Sunday, March 29, 2015


Californian Peregrine falcon by Kevin Cole
We are blessed in Lewes by having had peregrines, Falco peregrinus, nesting on the chalk cliffs just south of the Cuifail tunnel opposite the Railway Land. They share the cliff, after a fashion, with hundreds of jackdaws and a long-suffering pair of ravens. The peregrines really don't like the ravens and spend a significant portion of their non-hunting time dive-bombing the unfortunate corvids. Sadly they sometimes take the raven chicks before they fledge. 
There are a lot of superlatives applied to this bird and if you get the chance to spend time getting to know them you will understand why. It's fastest recorded speed is 242 miles per hour, making it easily the fasted animal on the planet.
My first experience of them was in Melbourne. A pair nested on a skyscraper in the central business district. We were walking up the main drag when a dead pigeon fell from the sky, landing on the pavement about six feet from us. Today I saw a pristine male (tiercel) sitting on a ledge on a cliff in an old chalk pit. He had bright yellow legs and bill and looked, to use an over-used adjective perhaps appropriately, awesome.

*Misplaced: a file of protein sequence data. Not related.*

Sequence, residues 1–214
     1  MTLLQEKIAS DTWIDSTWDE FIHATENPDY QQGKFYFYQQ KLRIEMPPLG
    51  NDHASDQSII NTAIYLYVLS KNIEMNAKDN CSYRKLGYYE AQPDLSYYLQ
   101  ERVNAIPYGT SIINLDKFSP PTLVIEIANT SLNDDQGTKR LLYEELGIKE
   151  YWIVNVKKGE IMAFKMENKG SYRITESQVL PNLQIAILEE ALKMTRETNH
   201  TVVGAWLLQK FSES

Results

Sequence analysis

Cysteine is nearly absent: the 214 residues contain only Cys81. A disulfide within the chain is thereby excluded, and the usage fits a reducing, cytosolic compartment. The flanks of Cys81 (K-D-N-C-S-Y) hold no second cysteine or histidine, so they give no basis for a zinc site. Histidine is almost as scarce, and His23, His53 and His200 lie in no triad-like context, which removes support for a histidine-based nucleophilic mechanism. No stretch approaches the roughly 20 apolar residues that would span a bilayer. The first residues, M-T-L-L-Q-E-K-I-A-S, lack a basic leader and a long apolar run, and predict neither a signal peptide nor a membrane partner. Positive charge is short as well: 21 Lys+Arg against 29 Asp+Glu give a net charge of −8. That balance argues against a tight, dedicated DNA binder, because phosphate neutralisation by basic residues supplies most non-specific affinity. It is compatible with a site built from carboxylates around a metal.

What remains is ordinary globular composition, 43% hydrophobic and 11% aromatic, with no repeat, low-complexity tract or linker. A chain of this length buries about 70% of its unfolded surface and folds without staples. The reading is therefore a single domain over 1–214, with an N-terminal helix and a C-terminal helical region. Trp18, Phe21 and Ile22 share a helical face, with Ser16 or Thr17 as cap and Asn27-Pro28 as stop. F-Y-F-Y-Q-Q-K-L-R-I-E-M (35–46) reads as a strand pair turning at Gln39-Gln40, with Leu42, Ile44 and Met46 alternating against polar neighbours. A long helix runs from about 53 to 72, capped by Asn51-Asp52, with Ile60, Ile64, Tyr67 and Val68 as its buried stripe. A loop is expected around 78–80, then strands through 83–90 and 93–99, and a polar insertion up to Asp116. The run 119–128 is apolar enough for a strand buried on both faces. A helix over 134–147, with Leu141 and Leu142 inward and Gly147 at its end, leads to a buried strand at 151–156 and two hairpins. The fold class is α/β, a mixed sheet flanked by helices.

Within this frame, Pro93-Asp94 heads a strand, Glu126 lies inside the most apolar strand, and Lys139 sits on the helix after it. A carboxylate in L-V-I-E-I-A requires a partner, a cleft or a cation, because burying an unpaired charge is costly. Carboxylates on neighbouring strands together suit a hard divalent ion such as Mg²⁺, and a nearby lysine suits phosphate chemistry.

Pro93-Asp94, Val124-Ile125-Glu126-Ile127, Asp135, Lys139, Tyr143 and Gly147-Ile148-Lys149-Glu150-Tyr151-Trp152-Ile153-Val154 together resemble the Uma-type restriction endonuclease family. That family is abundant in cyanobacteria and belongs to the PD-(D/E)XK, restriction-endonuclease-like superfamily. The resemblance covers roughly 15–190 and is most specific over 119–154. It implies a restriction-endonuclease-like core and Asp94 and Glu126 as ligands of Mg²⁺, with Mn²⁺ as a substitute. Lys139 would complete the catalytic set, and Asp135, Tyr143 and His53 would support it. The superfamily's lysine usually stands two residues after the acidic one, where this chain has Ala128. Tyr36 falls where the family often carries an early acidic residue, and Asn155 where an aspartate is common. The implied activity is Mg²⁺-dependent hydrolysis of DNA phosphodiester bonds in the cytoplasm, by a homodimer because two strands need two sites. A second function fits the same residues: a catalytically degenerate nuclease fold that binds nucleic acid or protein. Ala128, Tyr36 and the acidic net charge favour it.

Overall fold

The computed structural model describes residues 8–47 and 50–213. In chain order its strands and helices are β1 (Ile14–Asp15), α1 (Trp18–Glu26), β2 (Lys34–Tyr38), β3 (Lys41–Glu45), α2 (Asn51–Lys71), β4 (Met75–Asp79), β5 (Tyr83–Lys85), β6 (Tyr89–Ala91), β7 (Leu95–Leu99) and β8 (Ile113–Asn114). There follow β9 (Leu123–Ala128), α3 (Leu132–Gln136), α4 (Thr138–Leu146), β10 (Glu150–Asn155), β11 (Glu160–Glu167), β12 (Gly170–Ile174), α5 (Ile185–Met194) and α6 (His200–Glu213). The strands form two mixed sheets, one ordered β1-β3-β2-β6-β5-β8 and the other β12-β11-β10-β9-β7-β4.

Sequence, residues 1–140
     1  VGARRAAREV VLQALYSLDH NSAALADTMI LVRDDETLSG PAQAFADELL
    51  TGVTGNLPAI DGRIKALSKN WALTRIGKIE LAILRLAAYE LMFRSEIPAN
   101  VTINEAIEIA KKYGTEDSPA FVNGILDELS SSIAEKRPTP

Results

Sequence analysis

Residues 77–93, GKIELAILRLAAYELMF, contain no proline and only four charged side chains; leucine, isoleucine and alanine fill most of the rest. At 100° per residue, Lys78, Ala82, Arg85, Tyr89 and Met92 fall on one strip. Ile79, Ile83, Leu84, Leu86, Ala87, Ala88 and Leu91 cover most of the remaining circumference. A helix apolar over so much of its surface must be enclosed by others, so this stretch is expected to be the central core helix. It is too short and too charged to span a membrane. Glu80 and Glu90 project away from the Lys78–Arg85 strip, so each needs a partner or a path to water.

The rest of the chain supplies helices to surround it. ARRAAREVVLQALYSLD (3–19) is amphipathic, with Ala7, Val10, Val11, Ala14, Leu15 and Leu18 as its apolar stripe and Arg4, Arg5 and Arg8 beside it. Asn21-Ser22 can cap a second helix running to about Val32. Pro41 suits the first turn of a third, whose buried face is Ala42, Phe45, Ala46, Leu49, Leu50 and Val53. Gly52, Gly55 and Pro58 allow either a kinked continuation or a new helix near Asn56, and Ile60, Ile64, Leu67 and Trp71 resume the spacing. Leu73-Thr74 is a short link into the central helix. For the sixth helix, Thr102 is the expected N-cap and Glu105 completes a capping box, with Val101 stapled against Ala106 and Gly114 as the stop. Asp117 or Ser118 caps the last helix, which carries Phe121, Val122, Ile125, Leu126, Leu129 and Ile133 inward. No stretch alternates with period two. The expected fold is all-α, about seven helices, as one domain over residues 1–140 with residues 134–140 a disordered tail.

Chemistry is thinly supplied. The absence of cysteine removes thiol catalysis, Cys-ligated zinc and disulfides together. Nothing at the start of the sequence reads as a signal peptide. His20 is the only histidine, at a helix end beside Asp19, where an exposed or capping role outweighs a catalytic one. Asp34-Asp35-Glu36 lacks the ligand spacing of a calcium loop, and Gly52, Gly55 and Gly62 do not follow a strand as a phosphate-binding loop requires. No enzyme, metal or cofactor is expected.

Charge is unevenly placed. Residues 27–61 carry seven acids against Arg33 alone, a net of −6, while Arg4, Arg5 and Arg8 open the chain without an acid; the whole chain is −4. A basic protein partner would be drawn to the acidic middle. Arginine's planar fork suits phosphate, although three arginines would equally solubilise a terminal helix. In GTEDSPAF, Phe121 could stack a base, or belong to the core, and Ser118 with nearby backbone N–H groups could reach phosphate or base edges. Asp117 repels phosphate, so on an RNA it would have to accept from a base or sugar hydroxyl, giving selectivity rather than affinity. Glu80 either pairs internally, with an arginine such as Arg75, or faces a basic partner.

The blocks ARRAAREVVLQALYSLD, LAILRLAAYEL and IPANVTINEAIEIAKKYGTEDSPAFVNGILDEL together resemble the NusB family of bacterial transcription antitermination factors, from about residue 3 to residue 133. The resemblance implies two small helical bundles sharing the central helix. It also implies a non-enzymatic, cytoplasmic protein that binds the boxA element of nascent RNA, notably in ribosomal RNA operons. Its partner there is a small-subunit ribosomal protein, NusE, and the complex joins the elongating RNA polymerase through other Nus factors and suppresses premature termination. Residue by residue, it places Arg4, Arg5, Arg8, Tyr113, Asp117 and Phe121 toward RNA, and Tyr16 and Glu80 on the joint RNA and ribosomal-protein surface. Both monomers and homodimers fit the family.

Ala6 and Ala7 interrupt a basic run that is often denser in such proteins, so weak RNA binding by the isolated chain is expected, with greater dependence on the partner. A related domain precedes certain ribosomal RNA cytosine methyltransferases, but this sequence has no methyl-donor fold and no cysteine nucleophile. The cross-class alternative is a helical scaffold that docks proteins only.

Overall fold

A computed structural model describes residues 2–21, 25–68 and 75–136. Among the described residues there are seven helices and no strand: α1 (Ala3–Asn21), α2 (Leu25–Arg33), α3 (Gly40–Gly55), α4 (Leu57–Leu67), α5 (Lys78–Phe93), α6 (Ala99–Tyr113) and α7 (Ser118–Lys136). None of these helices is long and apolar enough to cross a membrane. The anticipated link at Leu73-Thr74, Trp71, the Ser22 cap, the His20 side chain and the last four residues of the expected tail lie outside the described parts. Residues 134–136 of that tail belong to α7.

They were nearly wiped out by poisoning from pesticides in the 1950s and 60s. DDT was the main culprit. Last year I picked up a fine first edition of J A Baker's classic The Peregrine which immediately made it into the top ten 'next books to be read' list.
They have a fairly distinctive cry in flight:

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